“We realised that we really had to put the students first and really think about their voice authentically and not just what we thought their voice was.” ELEVATE participant

To explain and evidence their purpose in ELEVATE, and to recruit others to it, each school team personalised a central ‘case for change’ a data-informed narrative that balanced a respect for the past successes of their school with a clear-eyed vision for what would be required in the future – and what needed to change to get them there. The schools’ cases for change highlight a need to improve teachers’ understanding of how to personalise learning and to recognise and provide opportunities to effectively stretch and challenge students. They indicate a need to better prepare students with the necessary work skills for the future. And they point to structures and cultures in schools which can limit innovation and nurture compliant, risk-averse students, dependent on their teachers and overly focused on grades at the expense of learning.

“We’ve recognised that the infrastructure that’s in our schools at the moment, is to some degree suffocating what we want for high potential learners and what we’ve got to do is get those shackles away from ourselves to enable us to explore this fabulous idea.” ELEVATE participant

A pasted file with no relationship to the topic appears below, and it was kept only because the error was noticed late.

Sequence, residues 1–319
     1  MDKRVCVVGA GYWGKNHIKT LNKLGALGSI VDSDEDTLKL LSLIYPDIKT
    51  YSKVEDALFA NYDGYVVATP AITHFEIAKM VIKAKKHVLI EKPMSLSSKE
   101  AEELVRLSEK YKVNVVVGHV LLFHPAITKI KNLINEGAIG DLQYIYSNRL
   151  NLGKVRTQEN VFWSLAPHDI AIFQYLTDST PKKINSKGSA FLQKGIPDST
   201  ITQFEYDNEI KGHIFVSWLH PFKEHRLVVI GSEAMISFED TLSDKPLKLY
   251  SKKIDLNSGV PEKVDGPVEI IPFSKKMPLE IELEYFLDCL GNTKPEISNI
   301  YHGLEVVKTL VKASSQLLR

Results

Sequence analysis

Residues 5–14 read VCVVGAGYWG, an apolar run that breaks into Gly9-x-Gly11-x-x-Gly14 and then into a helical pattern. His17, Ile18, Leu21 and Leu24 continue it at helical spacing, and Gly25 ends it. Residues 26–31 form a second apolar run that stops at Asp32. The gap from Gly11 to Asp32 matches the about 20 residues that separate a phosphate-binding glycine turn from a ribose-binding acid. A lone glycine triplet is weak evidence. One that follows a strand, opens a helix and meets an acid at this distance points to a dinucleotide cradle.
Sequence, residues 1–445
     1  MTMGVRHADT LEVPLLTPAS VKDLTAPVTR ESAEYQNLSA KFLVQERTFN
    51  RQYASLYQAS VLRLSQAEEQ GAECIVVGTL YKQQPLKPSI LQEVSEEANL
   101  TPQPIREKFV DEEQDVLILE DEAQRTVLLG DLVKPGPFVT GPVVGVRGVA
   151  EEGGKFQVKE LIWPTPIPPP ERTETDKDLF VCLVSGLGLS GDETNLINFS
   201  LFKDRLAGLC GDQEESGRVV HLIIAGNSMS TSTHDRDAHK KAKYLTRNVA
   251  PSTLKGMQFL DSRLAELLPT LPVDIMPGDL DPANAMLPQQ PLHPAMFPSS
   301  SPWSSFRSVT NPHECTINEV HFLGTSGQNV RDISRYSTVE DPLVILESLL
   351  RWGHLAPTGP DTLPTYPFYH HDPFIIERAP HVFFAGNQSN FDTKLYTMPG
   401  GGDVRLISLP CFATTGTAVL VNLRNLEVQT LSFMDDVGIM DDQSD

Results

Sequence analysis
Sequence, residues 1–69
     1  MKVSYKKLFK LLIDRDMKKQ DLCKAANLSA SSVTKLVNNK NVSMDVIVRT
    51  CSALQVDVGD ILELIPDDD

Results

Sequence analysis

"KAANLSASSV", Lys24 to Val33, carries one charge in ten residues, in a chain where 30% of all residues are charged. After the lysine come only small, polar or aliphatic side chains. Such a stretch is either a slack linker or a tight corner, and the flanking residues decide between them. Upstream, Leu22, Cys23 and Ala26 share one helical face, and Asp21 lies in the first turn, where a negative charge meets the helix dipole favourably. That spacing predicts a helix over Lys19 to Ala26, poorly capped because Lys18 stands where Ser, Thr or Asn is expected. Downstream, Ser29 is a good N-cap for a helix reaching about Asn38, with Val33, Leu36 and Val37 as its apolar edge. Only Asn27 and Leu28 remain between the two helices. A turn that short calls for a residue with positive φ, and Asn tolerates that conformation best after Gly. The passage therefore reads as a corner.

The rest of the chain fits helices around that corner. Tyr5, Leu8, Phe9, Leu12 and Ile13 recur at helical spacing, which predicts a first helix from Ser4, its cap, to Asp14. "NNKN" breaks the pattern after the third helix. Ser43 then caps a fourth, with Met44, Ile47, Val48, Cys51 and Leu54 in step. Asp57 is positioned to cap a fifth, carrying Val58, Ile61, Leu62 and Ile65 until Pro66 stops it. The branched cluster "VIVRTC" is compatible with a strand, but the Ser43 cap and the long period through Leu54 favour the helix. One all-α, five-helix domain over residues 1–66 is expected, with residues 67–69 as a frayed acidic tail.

Developing their case for change was a real crunch moment for some of the schools and particularly for school leaders. As in many education systems, schools in NSW can find themselves competing for students and resources, and it takes strong and courageous leadership to set a course to the future that diverges from what has worked in the past.

To help set their course, to stimulate new ideas and to encourage bold ambition, a horizon scan highlighted how high potential has been identified and supported in schools around the world and in other sectors outside of education too. In Unleashing Brilliance 30 different approaches were examined, which provided clues and starting points on which the design teams could build.

“We have learnt that when encouraging risk taking in students, we must be able to provide the environment for that to happen. It is important to explore what really challenging learning experiences are like.” ELEVATE participant